Error rates

Error rates were arcsine transformed to correct for nonnormality in their distributions and were subjected to ANOVAs that were parallel to those carried out on RTs. There was no effect of cue presence, F 1(1, 36) = 1.77, p = 0.19; F 2 < 1. Not surprisingly, bilinguals had higher error rates (19.1%) than did native speakers (5.5%), F 1 (1, 36) = 37.42, p < 0.001; F 2 (1, 47) = 56.25, p < 0.001. Neither the interaction of the two factors, nor interactive effects involving experimental half, were significant (all Fs < 1).

Unfamiliar words

Excluding words participant-wise that had been marked as unfamiliar (10.3%) together with their pair partners (together, 17.8%) did not change the RT results for the bilinguals: There was a significant 37-ms cue–presence effect in the RTs, t(17) = 2.42, p < 0.05, and an insignificant 2.3% effect in the error rates, t(17) = 1.12, p = 0.14.

Long versus short compounds

After having confirmed an orthotactic effect, we investigated in a post hoc analysis whether the cue effect was modulated by the length of the compounds, as was suggested by Bertram et al. (2004). Possibly, speakers decompose only long compounds (longer than approximately nine letters), whereas they process short ones holistically. If so, the cue effect should arise for long words only. Therefore, we divided the word pairs into those with long and short words (longer or shorter than 10 letters, which was the median length of our compounds).5 Six word pairs had to be excluded from this analysis, because their two members could not be assigned to the same length group. The 42 remaining pairs were split into two groups of 21 pairs each.6 Table 4 shows the word characteristics for the two length groups. The mean RTs and error rates for the conditions, split for word length, are reported in Table 5.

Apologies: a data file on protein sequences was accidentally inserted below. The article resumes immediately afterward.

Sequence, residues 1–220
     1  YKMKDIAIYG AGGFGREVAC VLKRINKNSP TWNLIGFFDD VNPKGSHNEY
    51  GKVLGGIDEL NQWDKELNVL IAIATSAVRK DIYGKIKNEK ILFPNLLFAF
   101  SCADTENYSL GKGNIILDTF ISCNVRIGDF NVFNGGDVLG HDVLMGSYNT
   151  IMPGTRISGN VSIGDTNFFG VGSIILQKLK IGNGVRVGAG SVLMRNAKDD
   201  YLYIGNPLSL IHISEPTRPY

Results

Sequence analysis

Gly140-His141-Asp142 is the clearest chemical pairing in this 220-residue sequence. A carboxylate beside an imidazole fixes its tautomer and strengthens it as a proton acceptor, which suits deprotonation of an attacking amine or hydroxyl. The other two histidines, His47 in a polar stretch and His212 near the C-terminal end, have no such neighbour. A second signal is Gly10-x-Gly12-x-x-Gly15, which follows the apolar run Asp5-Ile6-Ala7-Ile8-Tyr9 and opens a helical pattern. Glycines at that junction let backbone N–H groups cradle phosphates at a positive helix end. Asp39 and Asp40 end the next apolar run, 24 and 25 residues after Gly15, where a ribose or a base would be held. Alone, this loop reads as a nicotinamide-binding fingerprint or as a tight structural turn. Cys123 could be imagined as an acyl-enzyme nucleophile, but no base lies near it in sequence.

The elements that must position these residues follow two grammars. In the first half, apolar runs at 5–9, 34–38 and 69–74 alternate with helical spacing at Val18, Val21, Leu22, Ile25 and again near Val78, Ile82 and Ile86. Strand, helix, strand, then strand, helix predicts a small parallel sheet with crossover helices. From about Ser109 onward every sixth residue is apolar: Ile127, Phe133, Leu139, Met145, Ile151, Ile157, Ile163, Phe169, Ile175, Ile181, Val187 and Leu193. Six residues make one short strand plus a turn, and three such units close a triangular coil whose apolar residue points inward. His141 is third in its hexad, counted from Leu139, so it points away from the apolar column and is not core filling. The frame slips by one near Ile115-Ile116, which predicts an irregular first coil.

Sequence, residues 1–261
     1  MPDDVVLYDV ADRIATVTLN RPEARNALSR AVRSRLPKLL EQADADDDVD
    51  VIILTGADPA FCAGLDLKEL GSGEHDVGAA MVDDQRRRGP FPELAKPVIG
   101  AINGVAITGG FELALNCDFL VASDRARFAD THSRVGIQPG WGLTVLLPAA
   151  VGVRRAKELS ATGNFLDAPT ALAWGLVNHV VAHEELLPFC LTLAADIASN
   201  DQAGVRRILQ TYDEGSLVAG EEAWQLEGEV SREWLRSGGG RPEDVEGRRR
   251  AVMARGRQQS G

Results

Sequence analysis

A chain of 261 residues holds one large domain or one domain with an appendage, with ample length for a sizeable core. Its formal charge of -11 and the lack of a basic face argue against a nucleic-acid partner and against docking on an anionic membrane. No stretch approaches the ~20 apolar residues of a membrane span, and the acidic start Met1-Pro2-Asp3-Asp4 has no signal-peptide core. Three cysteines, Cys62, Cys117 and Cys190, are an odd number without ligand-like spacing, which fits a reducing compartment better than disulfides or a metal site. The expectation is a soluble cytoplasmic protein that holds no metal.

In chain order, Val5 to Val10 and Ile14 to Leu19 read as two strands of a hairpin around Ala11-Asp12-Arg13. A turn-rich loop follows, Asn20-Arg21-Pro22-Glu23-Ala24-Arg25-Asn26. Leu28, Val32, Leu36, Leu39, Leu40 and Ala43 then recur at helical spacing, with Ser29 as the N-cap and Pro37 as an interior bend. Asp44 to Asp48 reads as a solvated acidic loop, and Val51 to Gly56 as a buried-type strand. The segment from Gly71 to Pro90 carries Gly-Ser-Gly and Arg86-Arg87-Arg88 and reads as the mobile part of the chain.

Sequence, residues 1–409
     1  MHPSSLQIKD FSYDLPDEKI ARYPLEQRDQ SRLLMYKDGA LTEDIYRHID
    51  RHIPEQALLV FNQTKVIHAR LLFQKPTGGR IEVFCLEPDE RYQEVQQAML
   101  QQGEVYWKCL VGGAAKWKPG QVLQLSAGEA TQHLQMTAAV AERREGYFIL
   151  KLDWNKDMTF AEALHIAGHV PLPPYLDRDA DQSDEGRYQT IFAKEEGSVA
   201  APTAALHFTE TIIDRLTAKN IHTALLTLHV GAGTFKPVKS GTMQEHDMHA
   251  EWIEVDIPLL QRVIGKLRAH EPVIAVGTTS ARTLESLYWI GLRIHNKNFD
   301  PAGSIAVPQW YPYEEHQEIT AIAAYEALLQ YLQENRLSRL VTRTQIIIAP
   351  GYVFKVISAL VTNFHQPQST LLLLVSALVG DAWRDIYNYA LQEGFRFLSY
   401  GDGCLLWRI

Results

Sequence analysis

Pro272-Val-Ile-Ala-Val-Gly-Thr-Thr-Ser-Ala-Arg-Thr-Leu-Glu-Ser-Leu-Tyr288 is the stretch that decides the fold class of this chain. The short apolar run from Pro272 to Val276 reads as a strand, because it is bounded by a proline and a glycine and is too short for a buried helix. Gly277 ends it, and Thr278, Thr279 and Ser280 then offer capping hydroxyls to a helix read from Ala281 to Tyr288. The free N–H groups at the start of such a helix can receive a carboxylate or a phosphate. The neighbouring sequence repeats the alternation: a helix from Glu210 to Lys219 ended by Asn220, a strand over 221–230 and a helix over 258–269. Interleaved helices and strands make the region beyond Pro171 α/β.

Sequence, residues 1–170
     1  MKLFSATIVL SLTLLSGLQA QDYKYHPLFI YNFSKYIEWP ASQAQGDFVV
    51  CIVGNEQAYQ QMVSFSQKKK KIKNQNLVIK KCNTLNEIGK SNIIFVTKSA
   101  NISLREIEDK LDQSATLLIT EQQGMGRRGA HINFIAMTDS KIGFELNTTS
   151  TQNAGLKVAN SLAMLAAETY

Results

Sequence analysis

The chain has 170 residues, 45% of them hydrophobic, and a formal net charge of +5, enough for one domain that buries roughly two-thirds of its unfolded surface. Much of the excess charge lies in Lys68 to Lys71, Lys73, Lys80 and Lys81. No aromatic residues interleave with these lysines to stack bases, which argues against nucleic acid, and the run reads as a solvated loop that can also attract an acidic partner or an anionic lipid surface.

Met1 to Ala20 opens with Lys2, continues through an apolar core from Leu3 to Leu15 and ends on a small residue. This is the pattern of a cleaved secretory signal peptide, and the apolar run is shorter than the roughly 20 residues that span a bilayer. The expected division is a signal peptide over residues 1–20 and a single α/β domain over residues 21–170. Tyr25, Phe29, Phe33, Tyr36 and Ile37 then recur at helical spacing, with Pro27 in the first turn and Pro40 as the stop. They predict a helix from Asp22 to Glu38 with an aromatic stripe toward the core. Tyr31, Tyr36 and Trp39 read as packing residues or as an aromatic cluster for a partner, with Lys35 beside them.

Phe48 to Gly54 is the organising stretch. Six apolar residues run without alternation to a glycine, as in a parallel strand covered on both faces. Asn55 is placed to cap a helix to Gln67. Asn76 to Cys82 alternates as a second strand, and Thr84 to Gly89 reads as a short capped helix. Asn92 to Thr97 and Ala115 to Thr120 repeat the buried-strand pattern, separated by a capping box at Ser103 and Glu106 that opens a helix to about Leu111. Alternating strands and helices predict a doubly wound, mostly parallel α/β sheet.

Table 4

Word characteristics for the different length groups: Means and ranges (between parentheses)

 

Short compounds

Long compounds

Cue absent

Cue present

Cue absent

Cue present

Total log frequency

1.40 (0.30–3.07)

1.37 (0.48–2.50)

1.24 (0.00–2.98)

1.29 (0.30–2.28)

Log frequency of 1st constituent